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Discussion Starter #1 (Edited by Moderator)
Complete 1.8T PCV System DIY (AEB)

In looking through the information base & over the many PCV-related threads, I found a few write-ups on the PCV system for a 1.8, but I didn't find any that were complete, so I created a new one with as much information as I had. If your PCV system is having issues, you will also want to check your valve cover gasket, cam seals, & cam chain tensioner, as these items can be affected by a malfunctioning PCV system (ask me how I know).


Parts Required:
(4) 058-905-291 check valve
(1) 034-129-101-B "puck"
(1) N-904-673-01 breather tube seal
(1) 058-103-213 breather tube
(1) 06A-103-247 bleeder valve housing
(1) 035-103-245-A bleeder valve

Additional partlist sources by Engine Code:
pete1 said:
You will also need various sizes of screw-type clamps. You will need 8 of the same size for the 058 valves & a few other sizes for the remaining clamps.
I bought two packages of 5/16" - 7/8" (AutoZone KE-6SS) clamps for the 4 check valves & two packs of multiple-sized clamps for the rest. You could bring
the parts with you & guage what sizes you will need.


Tools Required:
Straight/Phillips screwdrivers - to tighten down new screw clamps & move coolant reservoir
Cutters/dremel - to get old one-time clamps off


Step 1. Change the 058 check vlaves:

There are four 058 check valves on an AEB. To change them, simply cut off the one-time use clamps, remove the old check valve, put on new hose
clamps, and put the new check valve in place. To gain access to the ones below the intake and throttle body, remove the three screws holding the
coolant reservoir in place, remove the coolant level sensor from the bottom of the reservoir, & lean it forward & out of the way.
Locations of check valves:

One to the rear of the airbox:


One between the intake & coolant reservoir:


One below the intake manifold (on the left you will see the check valve below the throttle body):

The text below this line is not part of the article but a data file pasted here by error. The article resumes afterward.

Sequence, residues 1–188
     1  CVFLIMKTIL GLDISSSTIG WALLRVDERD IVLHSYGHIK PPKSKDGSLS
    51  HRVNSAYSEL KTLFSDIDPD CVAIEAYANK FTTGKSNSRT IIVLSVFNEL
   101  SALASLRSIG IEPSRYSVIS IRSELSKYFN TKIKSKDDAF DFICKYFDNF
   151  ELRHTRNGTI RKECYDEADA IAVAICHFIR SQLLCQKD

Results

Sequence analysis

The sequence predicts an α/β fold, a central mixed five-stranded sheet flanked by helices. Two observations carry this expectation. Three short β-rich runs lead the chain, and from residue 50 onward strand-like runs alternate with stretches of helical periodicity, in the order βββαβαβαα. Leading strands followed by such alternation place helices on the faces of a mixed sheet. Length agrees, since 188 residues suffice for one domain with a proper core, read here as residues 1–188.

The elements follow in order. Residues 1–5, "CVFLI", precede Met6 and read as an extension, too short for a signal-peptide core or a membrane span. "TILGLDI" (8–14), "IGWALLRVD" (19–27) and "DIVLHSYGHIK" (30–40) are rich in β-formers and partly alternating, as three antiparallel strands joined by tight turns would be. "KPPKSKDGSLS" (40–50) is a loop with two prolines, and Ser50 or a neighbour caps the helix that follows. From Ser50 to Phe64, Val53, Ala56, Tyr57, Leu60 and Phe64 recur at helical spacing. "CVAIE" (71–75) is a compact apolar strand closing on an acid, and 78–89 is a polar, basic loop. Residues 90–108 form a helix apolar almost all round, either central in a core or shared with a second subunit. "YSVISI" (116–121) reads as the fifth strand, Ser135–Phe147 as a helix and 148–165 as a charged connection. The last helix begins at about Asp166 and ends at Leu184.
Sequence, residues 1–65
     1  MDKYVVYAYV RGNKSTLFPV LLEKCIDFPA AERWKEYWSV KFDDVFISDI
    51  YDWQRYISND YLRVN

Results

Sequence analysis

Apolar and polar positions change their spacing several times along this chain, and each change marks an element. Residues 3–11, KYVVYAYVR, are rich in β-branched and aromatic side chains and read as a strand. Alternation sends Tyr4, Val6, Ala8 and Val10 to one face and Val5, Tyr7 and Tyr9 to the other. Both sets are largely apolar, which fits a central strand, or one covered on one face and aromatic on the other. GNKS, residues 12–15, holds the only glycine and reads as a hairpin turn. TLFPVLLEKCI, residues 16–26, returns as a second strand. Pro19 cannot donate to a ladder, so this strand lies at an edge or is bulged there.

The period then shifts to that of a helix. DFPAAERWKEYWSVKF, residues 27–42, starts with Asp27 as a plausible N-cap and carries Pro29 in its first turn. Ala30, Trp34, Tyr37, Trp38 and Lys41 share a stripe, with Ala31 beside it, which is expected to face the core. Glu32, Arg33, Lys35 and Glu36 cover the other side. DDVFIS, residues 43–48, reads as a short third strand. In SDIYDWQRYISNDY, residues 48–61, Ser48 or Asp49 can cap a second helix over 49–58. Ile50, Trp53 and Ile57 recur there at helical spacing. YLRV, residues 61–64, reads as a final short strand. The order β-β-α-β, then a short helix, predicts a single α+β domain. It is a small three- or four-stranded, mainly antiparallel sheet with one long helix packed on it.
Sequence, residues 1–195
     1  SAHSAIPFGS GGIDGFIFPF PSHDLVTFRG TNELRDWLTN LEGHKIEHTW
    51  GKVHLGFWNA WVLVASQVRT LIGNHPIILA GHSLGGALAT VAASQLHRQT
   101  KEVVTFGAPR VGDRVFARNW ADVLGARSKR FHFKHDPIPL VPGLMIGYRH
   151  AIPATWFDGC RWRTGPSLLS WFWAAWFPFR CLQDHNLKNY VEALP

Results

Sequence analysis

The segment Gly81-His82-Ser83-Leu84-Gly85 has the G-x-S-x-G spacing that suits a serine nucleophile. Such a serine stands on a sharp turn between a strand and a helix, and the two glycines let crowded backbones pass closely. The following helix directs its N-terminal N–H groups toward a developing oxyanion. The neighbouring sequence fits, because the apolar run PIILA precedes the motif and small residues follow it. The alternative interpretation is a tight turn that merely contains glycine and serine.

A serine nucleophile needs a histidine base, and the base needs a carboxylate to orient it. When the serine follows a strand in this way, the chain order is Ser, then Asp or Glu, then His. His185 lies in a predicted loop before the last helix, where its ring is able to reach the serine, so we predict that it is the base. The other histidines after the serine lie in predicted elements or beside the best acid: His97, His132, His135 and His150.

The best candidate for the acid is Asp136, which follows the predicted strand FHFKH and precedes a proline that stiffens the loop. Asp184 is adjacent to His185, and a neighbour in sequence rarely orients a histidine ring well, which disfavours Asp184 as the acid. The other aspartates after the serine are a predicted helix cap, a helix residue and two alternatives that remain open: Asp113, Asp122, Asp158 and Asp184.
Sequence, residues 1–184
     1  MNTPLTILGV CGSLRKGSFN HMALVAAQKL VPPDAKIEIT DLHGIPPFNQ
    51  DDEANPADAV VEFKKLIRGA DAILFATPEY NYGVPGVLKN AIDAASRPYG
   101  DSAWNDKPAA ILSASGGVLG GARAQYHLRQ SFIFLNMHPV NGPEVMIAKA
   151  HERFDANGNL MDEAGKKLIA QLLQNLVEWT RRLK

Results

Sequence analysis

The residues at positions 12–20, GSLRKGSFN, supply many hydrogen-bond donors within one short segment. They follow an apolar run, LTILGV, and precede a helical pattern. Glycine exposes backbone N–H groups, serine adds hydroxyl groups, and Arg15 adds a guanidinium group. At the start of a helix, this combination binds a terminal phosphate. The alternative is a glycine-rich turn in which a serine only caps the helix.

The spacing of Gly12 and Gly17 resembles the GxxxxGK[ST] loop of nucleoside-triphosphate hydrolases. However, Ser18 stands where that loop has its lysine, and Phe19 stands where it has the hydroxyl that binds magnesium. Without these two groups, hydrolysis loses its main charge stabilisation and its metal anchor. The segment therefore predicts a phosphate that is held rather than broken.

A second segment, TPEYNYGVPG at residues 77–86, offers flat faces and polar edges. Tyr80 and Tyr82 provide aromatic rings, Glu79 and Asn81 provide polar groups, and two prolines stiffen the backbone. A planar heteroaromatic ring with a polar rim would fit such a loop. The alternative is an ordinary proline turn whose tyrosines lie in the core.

One below the throttle body:


There is also a T-fitting below the intake manifold that split on mine. I used a 5/16" T-fitting from AutoZone to replace it, as it is a generic
part. Also in this picture you can see the 058-103-213 breather tube where it attaches to the breather assembly. This picture will help you locate
it later in the DIY.







Step 2. Change the 034 puck valve:

This information is from Spirare's write-up. It's farily straightforward - take the old 034 valve out & put the new one in. My 99 already had screw-type
clamps & not one-time use clamps. The only addition I have to his comments below is that you should remove the N75's wiring before doing this - it
will give you a few extra mm (you can see the N75 wiring harness on the right in the second picture - just push in on the retaining clip & pull the
harness out).









Step 3. Replace the breather tube, PCV valve, & T-fitting:

This procedure would probably be quite easy if you remove the intake manifold, but that is an adventure in itself. I did it with the intake in place,
and it was a PITA as there is only enough room to get one hand in the area. It's almost impossible to get a clear shot of the PCV assembly due to the
many hoses in the area, so do a visual inspection of the area directly below the intake manifold before attempting to replace these items.

To remove the breather tube, pull the green retaining spring (see first picture below) upwards then pull the tube off of the breather assembly. I used
some long needle nose pliers between the intake tubes to remove it. Remove the clamps from the rear of the T fitting & the end of the bleeder valve,
remove the T fitting from the rear breather tube (#9 in the Bently image below), remove the hose from the bleeder valve (which goes to the vacuum booster
behind the intake manifold), & remove the entire assembly from the car.

What you will be installing:


Breather tube attached to breather assembly:


Here is a pic from above which shows the breather tube & retaining clip: